Planning Versus Creative Spontaneity

Anyone involved in professional media production, be that corporate, radio, television, film or multimedia, will have a horror story of a production that went wildly pear-shaped due to lack of planning. So is planning always necessary, and does it stifle creativity and spontaneity?

When I was working as an actor, and I played various roles in a training film about social workers. It was so poorly planned and structured, that we were forced to re-write the script during the actual filming. It was amazing that the job ever got finished and didn’t end in absolute anarchy! What it lacked was good production planning, and the leadership to see it through.

On the other hand, I have also been involved in a project that developed through improvisation and collaboration, which was extremely exciting and relied on spontaneity to shape the work.

So should students be encouraged to plan everything or be allowed to follow their creative instincts and spontaneous opportunities?

Let’s look at the ‘pros’ and ‘cons’. Planning is certainly the safest option and encourages a professional approach regarding logistics, budget and deadlines. The process should involve clearly structured content, a script, storyboard or programme template; which ever it is, this is the blue print from which the production team will work.

A well-planned production also requires a schedule, a production schedule and an overall schedule for meeting the deadline. Planning exactly ‘who’ is doing ‘what’, and ‘where’, ‘when’ and ‘how’ each part of the process is to be achieved, insures against lack of vision and purpose. Most importantly, it is time efficient and makes for an effective working process.

But does rigid planning really allow for spontaneity and creativity? The argument here is that good planning saves time, and it is this that allows for creative spontaneity. Surely, if everyone knows what they are doing and the timeframe involved, they are in a good position to respond to any unexpected ideas, events, interviews, sound effects or great shots, which spontaneously present themselves during production.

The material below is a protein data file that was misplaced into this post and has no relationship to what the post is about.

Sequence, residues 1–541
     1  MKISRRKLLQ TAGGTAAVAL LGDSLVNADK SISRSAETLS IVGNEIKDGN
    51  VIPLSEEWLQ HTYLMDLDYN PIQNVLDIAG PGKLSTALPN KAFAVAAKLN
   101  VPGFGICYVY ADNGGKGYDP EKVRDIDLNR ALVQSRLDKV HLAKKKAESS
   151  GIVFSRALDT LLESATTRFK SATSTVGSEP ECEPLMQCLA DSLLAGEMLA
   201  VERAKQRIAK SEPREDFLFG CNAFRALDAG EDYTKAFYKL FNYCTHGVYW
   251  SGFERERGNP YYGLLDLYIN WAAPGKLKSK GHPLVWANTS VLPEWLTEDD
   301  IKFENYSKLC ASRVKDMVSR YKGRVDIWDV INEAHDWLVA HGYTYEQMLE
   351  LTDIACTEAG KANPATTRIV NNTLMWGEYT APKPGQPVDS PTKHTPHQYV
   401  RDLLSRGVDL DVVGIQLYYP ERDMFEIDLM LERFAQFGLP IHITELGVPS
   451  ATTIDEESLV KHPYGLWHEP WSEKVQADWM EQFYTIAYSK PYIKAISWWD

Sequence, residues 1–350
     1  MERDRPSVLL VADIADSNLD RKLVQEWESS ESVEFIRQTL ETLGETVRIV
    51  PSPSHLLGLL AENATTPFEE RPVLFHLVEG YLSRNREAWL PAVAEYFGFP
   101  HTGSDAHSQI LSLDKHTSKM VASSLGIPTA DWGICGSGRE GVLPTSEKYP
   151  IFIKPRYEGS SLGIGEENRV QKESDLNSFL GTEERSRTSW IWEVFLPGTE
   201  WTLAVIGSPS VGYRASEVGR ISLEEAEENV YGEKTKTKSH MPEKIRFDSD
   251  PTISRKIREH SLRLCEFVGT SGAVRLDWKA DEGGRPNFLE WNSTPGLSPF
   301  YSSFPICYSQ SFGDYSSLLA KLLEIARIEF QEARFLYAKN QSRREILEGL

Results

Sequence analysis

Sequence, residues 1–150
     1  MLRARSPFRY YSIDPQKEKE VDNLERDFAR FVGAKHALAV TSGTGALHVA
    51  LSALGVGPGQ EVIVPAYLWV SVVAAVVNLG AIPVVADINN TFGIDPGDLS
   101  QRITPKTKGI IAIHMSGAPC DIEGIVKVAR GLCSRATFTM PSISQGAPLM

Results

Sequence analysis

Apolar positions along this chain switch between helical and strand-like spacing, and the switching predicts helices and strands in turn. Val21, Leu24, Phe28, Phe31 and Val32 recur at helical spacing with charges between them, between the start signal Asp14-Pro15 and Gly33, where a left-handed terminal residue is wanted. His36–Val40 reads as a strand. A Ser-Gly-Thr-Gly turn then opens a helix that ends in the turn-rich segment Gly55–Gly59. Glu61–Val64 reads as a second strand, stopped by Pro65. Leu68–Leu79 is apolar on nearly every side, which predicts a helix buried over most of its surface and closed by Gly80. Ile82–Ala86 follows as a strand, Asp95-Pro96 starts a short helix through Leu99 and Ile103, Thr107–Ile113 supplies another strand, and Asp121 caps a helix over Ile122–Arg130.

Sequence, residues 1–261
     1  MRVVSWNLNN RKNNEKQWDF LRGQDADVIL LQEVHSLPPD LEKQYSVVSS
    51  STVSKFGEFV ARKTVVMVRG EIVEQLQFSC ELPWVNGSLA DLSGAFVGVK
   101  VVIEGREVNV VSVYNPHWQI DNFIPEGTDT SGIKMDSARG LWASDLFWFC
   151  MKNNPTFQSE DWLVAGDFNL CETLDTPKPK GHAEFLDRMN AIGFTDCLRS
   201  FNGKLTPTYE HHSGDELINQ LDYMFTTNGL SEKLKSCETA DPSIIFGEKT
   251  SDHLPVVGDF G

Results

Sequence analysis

But is this enough? It may suit teachers or lecturers who need to control assignments, and manage a schedule, but is it appropriate for the students? Surely we want to allow students free reign to explore their imaginations and find new ways of using and communicating through digital technology? Isn’t it the job of up and coming media makers, to push the boundaries through experimentation?

This question leads to another. Should the purpose of Media Studies be the generation of professional practitioners, or a rich learning experience that enables individuals to express themselves in ways that other subjects don’t allow?

A thorough grounding and working knowledge of professional practices is certainly valuable to those looking to make a career in media. But in a wider context, the creative process is inherently spontaneous, and invariably helps us to ’think outside the box’.

Planning is vital to the professional, but so too is creativity and spontaneity. The fact is; good media making involves both skills. The challenge it presents is - how do we encourage, support and manage these skills for our students?

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Kind regards,
Mike - Media4ed.

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